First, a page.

Jemison was a 16 year old volunteer in Louisiana when the haunting photograph that many consider the best known image of a private soldier of the Confederacy was taken. He never saw his 18th birthday.

Born into a prominent Georgia family, Edwin F. Jemison (who signed his military papers as E.F. Jemison) was a descendant of early Quakers who had founded the town of Wrightsboro, Georgia, and was the great-grandson of a hero of the American Revolution. His family had moved to Louisiana from Georgia during the 1850s and had acquired large holdings in the Monroe area. When President Abraham Lincoln called for hundreds of thousands of volunteers to put down the rebellion in the South, Jemison was among the Southern men and boys who turned out to defend their homeland.

Grave of Edwin F. Jemison
Edwin F. Jemison was mustered into the 2nd Louisiana Infantry Regiment on May 11, 1861, and served in Companies I, B and C during his 12-months tour of duty. Possibly because of his young age, he was detached early in his service to assist at the headquarters of General John B. Magruder. By the winter of 1861-1862, however, he was in the ranks in Virginia where the 2nd Louisiana had been sent to defend the Confederate capital city of Richmond.

Only 17 years old, he was shot down when his regiment stepped out in one of the human waves sent by General Robert E. Lee against Union artillery positions at the Battle of Malvern Hill on July 1, 1862. His sad eyes, however, stare out through the years to remind us of the cost of war thanks to the 150 year old photograph that has been widely reprinted since the war.

A monument to Jemison was placed in the family plot at Memory Hill Cemetery in Milledgeville soon after the war and visitors today can view his grave and read an interpretive panel that tells his tragic story. To learn more, please visit

Friday, February 4, 2011

The Confederate States of America was formed 150 Years Ago Today

Alabama State Capitol Building
On February 4, 1861, delegates from the seven Southern states that had declared their independence from the Union met in Montgomery, Alabama, and declared the existence of a new nation, the Confederate States of America.

The meeting took place at the historic Alabama State Capitol Building, which also would serve as the first capitol of the Confederacy. As the delegates convened in the magnificent old building, they declared themselves a provisional legislature for the new Southern nation and authorized a committee to begin work on drafting a Constitution that would unify the seceded states for their common defense and welfare.

First Capitol of the Confederacy
The move would set the stage for the largest conflict of arms ever to take place on the North American continent. The new Southern nation defied the will of the old Union and attempts at negotiation to resolve the difference between the two governments would fail. It would be from Montgomery, two months later, that President Jefferson Davis would issue the order for Confederate guns to open fire on Fort Sumter. That attack would officially open the War Between the States or Civil War. By the time the war came to an end, the history of the United States and its people would be forever changed.

The historic Alabama Capitol Building which served as the First Capitol of the Confederacy remains in use today. It stands atop Goat Hill at the end of Dexter Avenue and has looked out on an amazing array of monumental historical events, from the formation of the Confederacy and beginning of the Civil War to the end of the Selma to Montgomery March during the Civil Rights Movement.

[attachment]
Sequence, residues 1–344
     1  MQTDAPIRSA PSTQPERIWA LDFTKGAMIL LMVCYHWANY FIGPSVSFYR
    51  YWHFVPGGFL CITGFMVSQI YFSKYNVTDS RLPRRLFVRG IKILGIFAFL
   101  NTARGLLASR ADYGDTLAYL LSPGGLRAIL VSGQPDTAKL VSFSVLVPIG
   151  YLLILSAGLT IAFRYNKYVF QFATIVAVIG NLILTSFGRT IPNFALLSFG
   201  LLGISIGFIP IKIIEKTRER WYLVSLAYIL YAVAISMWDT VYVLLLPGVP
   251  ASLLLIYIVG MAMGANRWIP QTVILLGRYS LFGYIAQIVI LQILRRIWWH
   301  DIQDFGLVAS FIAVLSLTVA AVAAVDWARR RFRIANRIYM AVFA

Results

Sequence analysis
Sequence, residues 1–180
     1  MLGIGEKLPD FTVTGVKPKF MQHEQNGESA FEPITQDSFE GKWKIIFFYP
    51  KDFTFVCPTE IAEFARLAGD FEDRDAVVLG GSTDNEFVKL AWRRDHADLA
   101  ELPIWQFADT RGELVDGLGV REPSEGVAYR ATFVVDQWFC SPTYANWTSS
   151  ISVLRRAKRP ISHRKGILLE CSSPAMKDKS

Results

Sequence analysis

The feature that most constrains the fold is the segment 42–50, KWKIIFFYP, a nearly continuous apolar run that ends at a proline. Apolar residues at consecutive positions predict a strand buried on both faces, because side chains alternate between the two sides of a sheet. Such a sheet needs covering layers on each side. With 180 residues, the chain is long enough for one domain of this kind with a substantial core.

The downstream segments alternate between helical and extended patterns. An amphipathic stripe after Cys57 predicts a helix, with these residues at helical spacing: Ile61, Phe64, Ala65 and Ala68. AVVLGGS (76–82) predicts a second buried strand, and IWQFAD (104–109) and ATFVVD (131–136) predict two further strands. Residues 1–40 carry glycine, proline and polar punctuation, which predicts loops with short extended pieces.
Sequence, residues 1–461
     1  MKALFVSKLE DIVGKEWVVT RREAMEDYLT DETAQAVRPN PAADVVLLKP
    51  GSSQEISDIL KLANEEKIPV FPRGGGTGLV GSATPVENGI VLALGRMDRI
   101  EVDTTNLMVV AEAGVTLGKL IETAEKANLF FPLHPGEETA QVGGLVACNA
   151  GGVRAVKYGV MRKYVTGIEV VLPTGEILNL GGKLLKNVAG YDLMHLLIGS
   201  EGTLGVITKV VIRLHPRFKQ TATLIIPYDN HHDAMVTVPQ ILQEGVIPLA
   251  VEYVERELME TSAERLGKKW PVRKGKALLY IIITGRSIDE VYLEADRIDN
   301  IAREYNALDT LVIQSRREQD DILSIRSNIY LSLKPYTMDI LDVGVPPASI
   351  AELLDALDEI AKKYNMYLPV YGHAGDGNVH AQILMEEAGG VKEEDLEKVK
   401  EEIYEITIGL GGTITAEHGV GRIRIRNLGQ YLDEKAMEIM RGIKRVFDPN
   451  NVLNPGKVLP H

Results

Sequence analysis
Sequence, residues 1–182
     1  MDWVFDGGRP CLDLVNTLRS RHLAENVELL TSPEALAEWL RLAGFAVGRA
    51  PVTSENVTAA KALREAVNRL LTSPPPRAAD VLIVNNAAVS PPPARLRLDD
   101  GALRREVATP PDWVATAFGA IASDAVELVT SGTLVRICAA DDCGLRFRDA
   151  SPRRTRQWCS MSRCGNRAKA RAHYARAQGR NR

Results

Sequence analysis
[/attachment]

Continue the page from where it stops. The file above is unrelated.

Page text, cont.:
To learn more about the building's role as the First Capitol of the Confederacy, please visit

Thursday, February 3, 2011

Two Florida Civil War Battlefields facing Possible Closure

Olustee Battlefield
With the 150th anniversary observation of the Civil War now underway and tourists flocking to Civil War sites across the nation, the Florida Department of Environmental Protection (DEP) is considering locking the gates to the only two state-owned Civil War battlefields.

Olustee Battlefield Historic State Park and Natural Bridge Battlefield Historic State Park are among 53 parks and historic sites DEP is considering closing to save $6.5 million from the agency's $1.5 BILLION budget. The cut would represent the closing of one-third of Florida's state parks and historic sites while barely impacting DEP's massive budget.

Olustee Battlefield Historic State Park (just east of Lake City) preserves the scene of the February 20, 1864 engagement that was the largest Civil War battle in Florida. The Battle of Olustee was a massive Confederate victory that preserved the supply lines providing beef and other food for Southern armies and stopped a Union plan to restore the allegiance of at least part of the state in time for its electoral votes to be counted in the 1864 Presidential Election. Olustee was the bloodiest battle of the war for the Union army in terms of the number of men involved (around 10,000). To read more about this highly significant park, please visit

Natural Bridge Battlefield Historic State Park (south of Tallahassee) preserves earthworks and other features from the last significant Confederate victory of the Civil War. The Battle of Natural Bridge was fought on March 6, 1865, and preserved Tallahassee's status as the only unconquered Southern capital east of the Mississippi River. The battle also prevented the destruction of much of the infrastructure and public and private property across a large area of North Florida and South Georgia. The cadets from West Florida Seminary (today's Florida State University) fought in the battle and to this day the FSU ROTC is one of only three in the nation authorized by the Pentagon to carry battle streamers.  To learn more, please visit

Natural Bridge Battlefield
Both battlefields are also landmarks of black history. At Olustee, the famed 54th Massachusetts Infantry, a famed African American regiment, took part in heavy fighting and played a key role in the escape of the Union army from the battlefield. At Natural Bridge, virtually all of the Union soldiers engaged were from the 2nd and 99th U.S. Colored Troops. More than 150 men from the two African American regiments were killed, wounded or captured in the battle.

I encourage you to contact Governor Rick Scott of Florida to voice your opposition to these proposed closings. You can obtain his address or write him through an online form by clicking here.